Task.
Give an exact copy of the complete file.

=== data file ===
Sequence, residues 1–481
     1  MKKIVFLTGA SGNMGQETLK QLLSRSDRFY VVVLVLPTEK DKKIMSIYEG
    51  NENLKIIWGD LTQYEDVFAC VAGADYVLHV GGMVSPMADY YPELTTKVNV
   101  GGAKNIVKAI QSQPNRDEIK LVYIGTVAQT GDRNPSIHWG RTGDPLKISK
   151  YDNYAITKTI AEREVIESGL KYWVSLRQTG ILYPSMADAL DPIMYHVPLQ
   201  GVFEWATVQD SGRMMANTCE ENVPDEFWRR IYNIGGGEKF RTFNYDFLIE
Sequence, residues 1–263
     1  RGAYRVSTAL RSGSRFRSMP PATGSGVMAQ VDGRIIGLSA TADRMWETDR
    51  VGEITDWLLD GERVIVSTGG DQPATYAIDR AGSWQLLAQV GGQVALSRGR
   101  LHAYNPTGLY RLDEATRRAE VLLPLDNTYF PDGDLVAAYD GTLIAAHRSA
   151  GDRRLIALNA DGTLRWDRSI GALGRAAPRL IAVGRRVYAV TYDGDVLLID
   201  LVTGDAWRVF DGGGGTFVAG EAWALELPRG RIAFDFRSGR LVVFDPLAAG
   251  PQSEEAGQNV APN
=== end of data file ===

Sequence, residues 1–481
     1  MKKIVFLTGA SGNMGQETLK QLLSRSDRFY VVVLVLPTEK DKKIMSIYEG
    51  NENLKIIWGD LTQYEDVFAC VAGADYVLHV GGMVSPMADY YPELTTKVNV
   101  GGAKNIVKAI QSQPNRDEIK LVYIGTVAQT GDRNPSIHWG RTGDPLKISK
   151  YDNYAITKTI AEREVIESGL KYWVSLRQTG ILYPSMADAL DPIMYHVPLQ
   201  GVFEWATVQD SGRMMANTCE ENVPDEFWRR IYNIGGGEKF RTFNYDFLIE
Sequence, residues 1–263
     1  RGAYRVSTAL RSGSRFRSMP PATGSGVMAQ VDGRIIGLSA TADRMWETDR
    51  VGEITDWLLD GERVIVSTGG DQPATYAIDR AGSWQLLAQV GGQVALSRGR
   101  LHAYNPTGLY RLDEATRRAE VLLPLDNTYF PDGDLVAAYD GTLIAAHRSA
   151  GDRRLIALNA DGTLRWDRSI GALGRAAPRL IAVGRRVYAV TYDGDVLLID
   201  LVTGDAWRVF DGGGGTFVAG EAWALELPRG RIAFDFRSGR LVVFDPLAAG
   251  PQSEEAGQNV APN